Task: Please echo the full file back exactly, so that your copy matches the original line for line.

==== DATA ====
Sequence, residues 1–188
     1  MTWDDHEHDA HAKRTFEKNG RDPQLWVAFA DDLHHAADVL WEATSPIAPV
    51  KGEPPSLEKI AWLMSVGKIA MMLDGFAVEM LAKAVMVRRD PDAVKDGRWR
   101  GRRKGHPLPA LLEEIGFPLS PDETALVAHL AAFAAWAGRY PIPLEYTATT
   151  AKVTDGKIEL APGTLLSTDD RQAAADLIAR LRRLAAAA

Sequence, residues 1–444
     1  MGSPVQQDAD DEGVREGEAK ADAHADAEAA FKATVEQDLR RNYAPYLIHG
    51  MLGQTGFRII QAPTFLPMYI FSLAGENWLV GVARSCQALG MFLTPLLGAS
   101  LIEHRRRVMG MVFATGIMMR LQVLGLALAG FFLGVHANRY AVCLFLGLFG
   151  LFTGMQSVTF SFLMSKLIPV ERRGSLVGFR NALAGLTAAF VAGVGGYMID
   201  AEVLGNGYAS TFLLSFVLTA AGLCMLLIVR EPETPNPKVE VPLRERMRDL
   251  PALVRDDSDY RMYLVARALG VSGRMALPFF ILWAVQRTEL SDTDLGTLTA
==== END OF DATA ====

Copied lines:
Sequence, residues 1–188
     1  MTWDDHEHDA HAKRTFEKNG RDPQLWVAFA DDLHHAADVL WEATSPIAPV
    51  KGEPPSLEKI AWLMSVGKIA MMLDGFAVEM LAKAVMVRRD PDAVKDGRWR
   101  GRRKGHPLPA LLEEIGFPLS PDETALVAHL AAFAAWAGRY PIPLEYTATT
   151  AKVTDGKIEL APGTLLSTDD RQAAADLIAR LRRLAAAA

Sequence, residues 1–444
     1  MGSPVQQDAD DEGVREGEAK ADAHADAEAA FKATVEQDLR RNYAPYLIHG
    51  MLGQTGFRII QAPTFLPMYI FSLAGENWLV GVARSCQALG MFLTPLLGAS
   101  LIEHRRRVMG MVFATGIMMR LQVLGLALAG FFLGVHANRY AVCLFLGLFG
   151  LFTGMQSVTF SFLMSKLIPV ERRGSLVGFR NALAGLTAAF VAGVGGYMID
   201  AEVLGNGYAS TFLLSFVLTA AGLCMLLIVR EPETPNPKVE VPLRERMRDL
   251  PALVRDDSDY RMYLVARALG VSGRMALPFF ILWAVQRTEL SDTDLGTLTA